TAFE Western Orange Colleges joins the Charles Sturt University providing tertiary options.
Travel time is approximately 60 minutes.
WATTLE ROAD 🖤
It’s no surprise that Orange attracts thousands of visitors a year. It is a vibrant town that showcases fantastic local produce and the beauty of NSW’s Central Tablelands.
Distance (from Sydney): 254km
Who Lives Here?
According to the 2016 Census
- The median age of people in Orange was 37 years. Children aged 0 – 14 years made up 21.3% of the population and people aged 65 years and over made up 16.7% of the population
- Of the families in Orange, 41.7% were couple families with children, 37.6% were couple families without children and 19.4% were one parent families.
- 4% of people were born in Australia. The most common countries of birth were England 1.6%, India 1.0%, New Zealand 0.9%, Philippines 0.5% and China 0.4%.
- The most common occupations in Orange included professionals 21.0%, technicians and yrades workers 14.7%, clerical and administrative workers 13.0%, community and personal service workers 11.8%, and labourers 10.8%.
Climate: Due to its altitude, some 863m above sea level, Orange has a temperate oceanic climate, with warm summers and cool winters. Orange is one of the few cities in Australia to receive regular snowfall in winter, with July being the coldest month with an average high of 9.3 degrees. In summer, January is the hottest month with an average high of 26 degrees. August is usually the wettest month with average rainfall of 93.6mm.
Major employers: Mining, health care, education, state and local government.
Education: The Orange region boasts two major tertiary institutions, seven secondary schools, 13 public primary schools and five independent schools.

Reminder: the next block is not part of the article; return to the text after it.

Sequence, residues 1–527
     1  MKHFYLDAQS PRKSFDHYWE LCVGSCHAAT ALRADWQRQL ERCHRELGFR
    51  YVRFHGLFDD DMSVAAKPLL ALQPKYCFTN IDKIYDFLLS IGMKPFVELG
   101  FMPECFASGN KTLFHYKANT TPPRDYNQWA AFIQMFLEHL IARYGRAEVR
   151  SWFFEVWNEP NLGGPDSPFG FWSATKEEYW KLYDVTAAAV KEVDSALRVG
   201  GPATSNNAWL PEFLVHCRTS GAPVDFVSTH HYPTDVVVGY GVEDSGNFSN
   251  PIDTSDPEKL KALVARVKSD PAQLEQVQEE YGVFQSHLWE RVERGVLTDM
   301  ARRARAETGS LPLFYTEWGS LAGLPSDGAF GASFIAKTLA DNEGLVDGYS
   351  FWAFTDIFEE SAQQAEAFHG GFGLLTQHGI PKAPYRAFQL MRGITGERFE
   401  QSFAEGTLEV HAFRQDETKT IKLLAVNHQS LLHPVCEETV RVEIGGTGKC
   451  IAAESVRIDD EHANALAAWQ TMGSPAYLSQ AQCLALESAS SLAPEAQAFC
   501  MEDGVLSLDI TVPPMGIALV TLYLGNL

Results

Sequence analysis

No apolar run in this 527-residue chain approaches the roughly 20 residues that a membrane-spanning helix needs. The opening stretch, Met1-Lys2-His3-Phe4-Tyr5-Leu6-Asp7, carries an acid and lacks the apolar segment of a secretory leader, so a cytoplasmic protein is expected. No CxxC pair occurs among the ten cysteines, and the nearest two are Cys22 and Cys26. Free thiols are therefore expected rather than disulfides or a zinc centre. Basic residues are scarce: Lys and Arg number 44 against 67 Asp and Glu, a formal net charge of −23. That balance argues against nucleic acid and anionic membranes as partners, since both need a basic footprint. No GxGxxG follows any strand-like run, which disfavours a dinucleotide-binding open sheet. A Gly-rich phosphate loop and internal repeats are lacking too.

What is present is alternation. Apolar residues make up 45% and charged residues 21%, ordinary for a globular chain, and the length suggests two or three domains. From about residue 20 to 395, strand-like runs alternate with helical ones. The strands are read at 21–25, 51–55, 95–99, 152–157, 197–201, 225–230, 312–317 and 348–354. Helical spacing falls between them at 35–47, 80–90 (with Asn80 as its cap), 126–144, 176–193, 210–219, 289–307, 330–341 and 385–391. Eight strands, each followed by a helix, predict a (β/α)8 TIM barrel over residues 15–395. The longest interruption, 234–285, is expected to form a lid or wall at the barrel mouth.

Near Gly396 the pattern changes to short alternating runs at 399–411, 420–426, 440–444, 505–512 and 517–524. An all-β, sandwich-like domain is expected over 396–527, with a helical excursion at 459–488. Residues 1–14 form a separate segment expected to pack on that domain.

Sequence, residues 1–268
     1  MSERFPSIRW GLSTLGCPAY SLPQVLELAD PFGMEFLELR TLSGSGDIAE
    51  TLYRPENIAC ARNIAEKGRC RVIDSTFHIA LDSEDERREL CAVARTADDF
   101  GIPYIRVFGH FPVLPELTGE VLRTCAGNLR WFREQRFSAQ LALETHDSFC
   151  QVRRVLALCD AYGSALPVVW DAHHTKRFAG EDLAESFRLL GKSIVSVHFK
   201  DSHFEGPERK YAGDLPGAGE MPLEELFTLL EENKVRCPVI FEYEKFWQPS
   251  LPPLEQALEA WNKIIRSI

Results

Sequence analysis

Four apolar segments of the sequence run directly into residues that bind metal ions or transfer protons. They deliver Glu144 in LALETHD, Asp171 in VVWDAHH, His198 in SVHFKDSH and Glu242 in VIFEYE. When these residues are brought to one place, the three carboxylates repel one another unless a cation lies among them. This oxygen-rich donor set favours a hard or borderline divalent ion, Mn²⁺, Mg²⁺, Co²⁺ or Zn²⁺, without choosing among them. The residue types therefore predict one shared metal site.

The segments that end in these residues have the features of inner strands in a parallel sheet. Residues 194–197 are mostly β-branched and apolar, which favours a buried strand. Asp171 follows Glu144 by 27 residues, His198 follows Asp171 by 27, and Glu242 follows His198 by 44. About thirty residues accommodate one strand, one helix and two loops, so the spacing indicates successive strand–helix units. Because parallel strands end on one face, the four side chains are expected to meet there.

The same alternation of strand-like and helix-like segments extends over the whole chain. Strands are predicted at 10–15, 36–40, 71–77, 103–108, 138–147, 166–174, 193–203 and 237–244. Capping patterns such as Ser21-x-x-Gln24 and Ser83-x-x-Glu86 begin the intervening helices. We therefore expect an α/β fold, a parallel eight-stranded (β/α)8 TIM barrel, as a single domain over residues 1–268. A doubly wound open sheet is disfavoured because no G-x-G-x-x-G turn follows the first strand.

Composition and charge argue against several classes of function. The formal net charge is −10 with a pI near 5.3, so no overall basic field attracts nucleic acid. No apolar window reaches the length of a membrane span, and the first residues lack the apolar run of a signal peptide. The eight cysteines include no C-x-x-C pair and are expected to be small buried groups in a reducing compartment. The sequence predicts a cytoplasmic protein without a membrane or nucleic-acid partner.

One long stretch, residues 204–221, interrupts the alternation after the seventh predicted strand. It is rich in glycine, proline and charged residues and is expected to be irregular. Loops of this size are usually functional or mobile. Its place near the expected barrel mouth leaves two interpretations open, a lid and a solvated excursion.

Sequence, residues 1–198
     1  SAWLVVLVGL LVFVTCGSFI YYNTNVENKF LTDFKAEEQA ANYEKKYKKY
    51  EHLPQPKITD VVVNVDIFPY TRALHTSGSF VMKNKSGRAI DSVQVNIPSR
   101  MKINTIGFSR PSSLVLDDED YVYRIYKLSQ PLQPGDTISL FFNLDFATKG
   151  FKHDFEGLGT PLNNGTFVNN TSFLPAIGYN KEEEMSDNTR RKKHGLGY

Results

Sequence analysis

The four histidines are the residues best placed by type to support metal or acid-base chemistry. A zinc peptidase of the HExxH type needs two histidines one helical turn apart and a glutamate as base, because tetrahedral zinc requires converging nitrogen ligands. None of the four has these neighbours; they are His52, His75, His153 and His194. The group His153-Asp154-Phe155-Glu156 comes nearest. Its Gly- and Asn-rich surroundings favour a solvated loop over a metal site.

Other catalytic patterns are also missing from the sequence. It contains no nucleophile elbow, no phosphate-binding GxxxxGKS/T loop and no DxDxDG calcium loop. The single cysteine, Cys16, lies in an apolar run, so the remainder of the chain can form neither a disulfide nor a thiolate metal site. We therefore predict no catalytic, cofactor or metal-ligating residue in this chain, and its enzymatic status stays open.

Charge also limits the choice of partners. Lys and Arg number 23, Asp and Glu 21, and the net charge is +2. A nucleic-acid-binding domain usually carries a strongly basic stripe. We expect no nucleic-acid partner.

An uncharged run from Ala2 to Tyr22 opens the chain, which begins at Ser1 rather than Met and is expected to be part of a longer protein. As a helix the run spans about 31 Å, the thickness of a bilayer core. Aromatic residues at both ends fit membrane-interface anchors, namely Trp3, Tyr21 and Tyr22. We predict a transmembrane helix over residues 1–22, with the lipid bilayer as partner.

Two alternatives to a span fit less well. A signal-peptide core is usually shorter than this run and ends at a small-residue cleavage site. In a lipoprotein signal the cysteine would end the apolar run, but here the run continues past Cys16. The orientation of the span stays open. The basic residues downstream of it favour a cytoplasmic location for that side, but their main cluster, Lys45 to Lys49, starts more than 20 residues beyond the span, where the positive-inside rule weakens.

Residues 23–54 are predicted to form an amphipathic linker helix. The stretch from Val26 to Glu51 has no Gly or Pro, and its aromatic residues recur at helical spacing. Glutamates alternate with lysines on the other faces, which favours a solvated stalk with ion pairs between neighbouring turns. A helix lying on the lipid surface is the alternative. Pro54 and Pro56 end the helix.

Transport: A comprehensive bus service operates throughout Orange and buses take passengers to outlying villages. NSW TrainLink runs daily services from Sydney to Lithgow with connecting coaches to Orange.
Property prices: The median house price is $509,500 and for units it is $307,600. Based on the last five years property sales, Orange has seen a growth rate of 8.1 percent in houses prices.
NBN connection: Fibre To The Node (FTTN)
Sport and recreation: Rugby, AFL, soccer, netball, tennis, cricket, swimming, athletics, basketball, hockey, dragon boating.
Arts and Culture: Orange Regional Gallery, Orange Regional Museum, Banjo Paterson Australian Poetry Festival, Orange F.O.O.D Week, Orange Wine Month, Winter Fire Festival.
LAURA COLE, PHOTOGRAPHER
Orange is just a beautiful town to live in, both scenically and because of all of the great things to see and do here. Something as simple as going for a walk in Orange is beautiful, especially in autumn when all of the leaves are changing colour.
I love that Orange has four distinct seasons as I’m from Dubbo, which is only 90 minutes away, and it’s just hot there. We get snow in Orange, which is always lovely.
I’m a country girl, but then I moved to Sydney for 10 years before moving to Orange with my husband, Cameron, in 2014. We left Sydney because it was so expensive and we wouldn’t have been able to have a house with a backyard. We have three children now, Adelaide, 5, Rex, 2, and Cleo is five weeks old.
Orange is fabulous for raising a family as it has lots of facilities for new mums, the hospital and midwives are amazing and the schools and daycare programs are incredible.
I love that we are only three-and-a-half-hours from Sydney, so that all of our friends can come for a weekend to visit and we can easily go there. Orange has so much to show them when they visit, from the wineries and fresh produce, to different festivals throughout the year.
The food here really rivals Sydney. When we moved I was a bit worried we’d miss Sydney food, but that hasn’t been the case at all, as there are some incredible restaurants here. A lot of places, like the wineries, also have things for children to do, such as sandpits and animals, so it’s really family-oriented.